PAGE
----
Russian Bot-Herder and Spammer Pinched By FBI

Russian cyber-criminals are hard to arrest, because there is no extradition treaty between the US and Russia.  The Russian government allows them to prosper as long as they do not attack anything in Russia.  The Russian government also contracts with these criminal groups when they need some state sponsored hacking done, a la Grizzly Steppe.   In Russia, these guys are considered to be just very successful business men. They have achieved the status of super heroes in their own country, because they excel at transferring billions of dollars from the West into the Russian economy.

But every super hero has his cryptonite, and for the Russian cyber-criminal it is the foreign vacation.

Roman Seleznev, the son of a Russian parliament member, was whisked away from a tropical vacation in the Maldives by a covert ops team and flown to Guam.  Roman thought the Maldives would be perfect since it has no extradition treaties either, but that turned out to be not so much of a protection as he hoped.  He awaited trial in in the US in Seattle, and last year was convicted of running a huge credit card and identity theft operation.  He received a sentence of 27 years.

Recently the Minneapolis office of the FBI reported on the guilty plea of another Russian cyber-criminal, Maxim Senahk.  Senahk ran one of the largest bot-nets on the Internet.  He was indicted back in 2015, but was finally arrested when he tried to cross the border into Finland, to visit his sister.  Finnish law enforcement, the Bundeskriminalamt, or BKA arrested Senahk and had him extradited to the US.  He plead guilty in a Minneapolis Federal Court this March, and will be sentenced in August.

And on Friday April 7, Pyotr Levashov was arrested in Barcelona, Spain, under a US international arrest warrant. Levashov is thought to have been involved in hacking linked to the US presidential election last year.  Brian Krebs reported that Levashov is also known as the hacker “Severa”, a “pivotal figure in many Russian-language cybercrime forums, ”  and is #7 on the Spamhaus list of the top ten worst spammers.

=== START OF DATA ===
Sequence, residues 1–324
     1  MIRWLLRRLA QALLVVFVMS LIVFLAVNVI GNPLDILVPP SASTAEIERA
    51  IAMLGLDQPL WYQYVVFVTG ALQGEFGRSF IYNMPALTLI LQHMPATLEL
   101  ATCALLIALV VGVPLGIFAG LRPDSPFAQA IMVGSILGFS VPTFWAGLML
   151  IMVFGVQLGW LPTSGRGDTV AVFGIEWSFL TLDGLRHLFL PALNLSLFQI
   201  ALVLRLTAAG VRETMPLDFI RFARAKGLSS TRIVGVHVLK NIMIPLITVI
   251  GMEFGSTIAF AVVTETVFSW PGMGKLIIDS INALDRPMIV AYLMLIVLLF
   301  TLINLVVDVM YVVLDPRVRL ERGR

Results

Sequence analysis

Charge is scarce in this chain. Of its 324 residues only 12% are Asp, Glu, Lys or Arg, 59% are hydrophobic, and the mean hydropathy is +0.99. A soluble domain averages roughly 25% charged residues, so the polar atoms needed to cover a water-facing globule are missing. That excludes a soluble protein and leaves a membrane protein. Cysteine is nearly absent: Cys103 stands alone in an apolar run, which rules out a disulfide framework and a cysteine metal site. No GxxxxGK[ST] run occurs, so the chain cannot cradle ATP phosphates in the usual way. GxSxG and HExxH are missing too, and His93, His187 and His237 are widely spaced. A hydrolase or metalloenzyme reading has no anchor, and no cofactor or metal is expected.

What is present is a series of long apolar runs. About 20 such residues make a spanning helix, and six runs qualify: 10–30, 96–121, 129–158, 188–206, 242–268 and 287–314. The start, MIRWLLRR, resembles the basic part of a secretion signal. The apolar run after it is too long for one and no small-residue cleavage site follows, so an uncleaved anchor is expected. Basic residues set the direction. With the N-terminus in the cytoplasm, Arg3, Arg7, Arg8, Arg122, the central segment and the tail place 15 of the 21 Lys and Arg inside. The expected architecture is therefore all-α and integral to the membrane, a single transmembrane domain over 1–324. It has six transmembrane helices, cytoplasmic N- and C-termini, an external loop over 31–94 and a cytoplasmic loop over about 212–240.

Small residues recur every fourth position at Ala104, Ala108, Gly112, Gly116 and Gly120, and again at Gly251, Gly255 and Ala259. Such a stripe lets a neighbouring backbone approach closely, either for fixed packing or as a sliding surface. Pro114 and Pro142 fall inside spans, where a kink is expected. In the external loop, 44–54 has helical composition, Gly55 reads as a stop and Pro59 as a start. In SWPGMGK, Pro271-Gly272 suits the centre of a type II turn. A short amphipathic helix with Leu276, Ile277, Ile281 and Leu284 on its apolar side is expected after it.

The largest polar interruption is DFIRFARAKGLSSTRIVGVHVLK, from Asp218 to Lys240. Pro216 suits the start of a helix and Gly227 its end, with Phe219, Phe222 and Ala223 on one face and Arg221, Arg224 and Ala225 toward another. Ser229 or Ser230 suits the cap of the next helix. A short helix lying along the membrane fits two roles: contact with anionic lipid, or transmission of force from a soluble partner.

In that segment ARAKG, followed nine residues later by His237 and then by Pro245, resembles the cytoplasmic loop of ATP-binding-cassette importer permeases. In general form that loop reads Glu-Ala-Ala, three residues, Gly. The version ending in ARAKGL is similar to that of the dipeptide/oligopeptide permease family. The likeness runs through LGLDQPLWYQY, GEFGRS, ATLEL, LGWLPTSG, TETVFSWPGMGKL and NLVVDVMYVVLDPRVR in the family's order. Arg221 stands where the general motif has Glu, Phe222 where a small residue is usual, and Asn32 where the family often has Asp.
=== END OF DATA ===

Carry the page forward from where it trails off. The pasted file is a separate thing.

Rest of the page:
Several other Russian hackers have been arrested in the last few years when visiting places such as Prague or Mediterranean coast.  They may be safe inside Russia, but it seems that sooner or later they get the itch to travel, and then they get pinched.

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About the Author:

Cybersecurity guru to business owners in the St Paul, Minneapolis, and western Wisconsin area. Computer security and hacking have been a passion of mine since I entered the computer and networking business in 2000. In 2013 I completed a course of study and certification exam to become a Certified Ethical Hacker (CEH). In 2016 I was certified as a Certified Information Systems Security Professional (CISSP). As Senior Cybersecurity Engineer at Computer Integration Technologies, I help our clients experience high levels of computer security, network security, and web site security. In addition to consulting on security products and services, we also conduct security audits, vulnerability assessments and full penetration tests. We also provide Cybersecurity Awareness Training for clients and their employees. We also work with companies and organizations that need to certify compliance with regulations such as PCI-DSS (credit card processing), HIPAA/HITECH (medical records), and GLBA. The views expressed on this Web site are mine alone and do not necessarily represent the views of my employer.


  1. Jerry Nolan  April 23, 2017

    I wonder how the FBI got the travel info?


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